Call it wanderlust . . . or looking for a change of pace . . . or could it be the pull of a more adventurous experience? Whatever we choose to describe the feelings we have, we both knew it was nearing that time. Don’t get us wrong—we still like the place we call home, but we have another home too, one that we still haven’t tired of. And it represents a totally different way of living . . . and therein lies the draw. We’ve spent more than a week or two occupied with preparations, getting geared up for the long haul. Lots of time spent in researching our destinations. And securing things on the home front too. Now the day has finally come for departure. New territory will soon be opening up for us; a stark change from our Hoosier landscape. We headed out on the Fourth of July weekend with light hearts and maybe a tingling of anticipation. A long road stretched out before us, many hundreds of miles spread out over several days of driving. But one thing we both acknowledged—it sure felt good to be back on the road!
We passed more than a few cornfields before leaving our state. Then it was on to more farmlands through Illinois. They grow more than crops in their wide open prairielands—plenty of wind farms soon began to sprout up.
And then it was on to Iowa, the Hawkeye State. The terrain had turned more undulating by then, yet the scenery hardly changed. More crops (still plenty of corn) and very prosperous appearing farms. We couldn’t help but notice that green was certainly the dominant color.
On our second day of driving, we broke up the pace with an interesting stop. Not as concerned these days with merely covering miles after unending miles, we plan on taking some stops to smell the roses—finding interest in places we pass by. Sioux City, Iowa was one such location.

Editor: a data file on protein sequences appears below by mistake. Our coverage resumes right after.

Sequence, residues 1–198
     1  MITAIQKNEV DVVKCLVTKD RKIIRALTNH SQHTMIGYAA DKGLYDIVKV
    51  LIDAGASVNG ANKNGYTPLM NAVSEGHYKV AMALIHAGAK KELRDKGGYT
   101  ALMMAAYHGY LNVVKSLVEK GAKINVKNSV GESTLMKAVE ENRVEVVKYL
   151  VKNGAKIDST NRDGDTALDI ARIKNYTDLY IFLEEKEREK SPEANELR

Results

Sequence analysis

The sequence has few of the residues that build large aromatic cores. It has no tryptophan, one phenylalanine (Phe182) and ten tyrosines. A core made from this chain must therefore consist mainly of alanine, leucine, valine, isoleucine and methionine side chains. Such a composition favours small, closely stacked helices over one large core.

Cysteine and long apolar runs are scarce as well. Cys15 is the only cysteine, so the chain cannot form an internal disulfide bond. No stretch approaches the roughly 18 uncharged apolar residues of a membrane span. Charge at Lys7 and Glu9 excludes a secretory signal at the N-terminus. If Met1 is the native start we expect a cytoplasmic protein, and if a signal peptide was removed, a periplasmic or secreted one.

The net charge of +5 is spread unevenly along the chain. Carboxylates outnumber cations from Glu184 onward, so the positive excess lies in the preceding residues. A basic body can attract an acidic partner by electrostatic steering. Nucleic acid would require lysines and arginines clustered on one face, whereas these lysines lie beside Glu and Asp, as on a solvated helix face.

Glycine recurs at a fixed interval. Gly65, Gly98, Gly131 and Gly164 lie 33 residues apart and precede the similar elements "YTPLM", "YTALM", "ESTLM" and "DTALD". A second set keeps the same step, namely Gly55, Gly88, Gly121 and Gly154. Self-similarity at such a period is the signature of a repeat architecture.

We had reached the Missouri River, a waterway made famous by Lewis and Clark. It has some other notable credits that make it one of our country’s major rivers. In fact, the Missouri just happens to be the longest river in North America. With its headwaters in the in western Montana, it is slightly less than 2,400 miles long. It will be a recurring theme throughout our journey, both as we head out as well as on our return leg. And ironically, here where we have our first encounter, there’s actually an historic site we’ve not even been aware of, much less ever taken in. No better time than today!
It seems incongruous to come upon a monument designed in the style of an Egyptian obelisk towering above the Missouri River. Yet here it is—a memorial to Sergeant Charles Floyd, the only member of the Lewis and Clark Expedition to die during the two year and four month journey. Erected in 1900 with federal and state of Iowa funds, as well as private donations, it is now a National Historic Landmark (as well it should be). The 23-acre park situated on a high bluff has a far-reaching view up and down as well as across the Missouri River. It is a place for quiet reflection; a place where you can read interpretive markers concerning the early days of the Expedition. The information contains personal remarks written by Meriwether Lewis concerning Sgt. Floyd’s illness and untimely death. He had been a promising member of the Expedition.
Lunch at a nice riverside restaurant on their outdoor patio concluded our visit to Sioux City on a very upbeat note. Watching recreational boats cruising on the river displaying American flags and other Fourth of July paraphernalia was a pleasant interlude.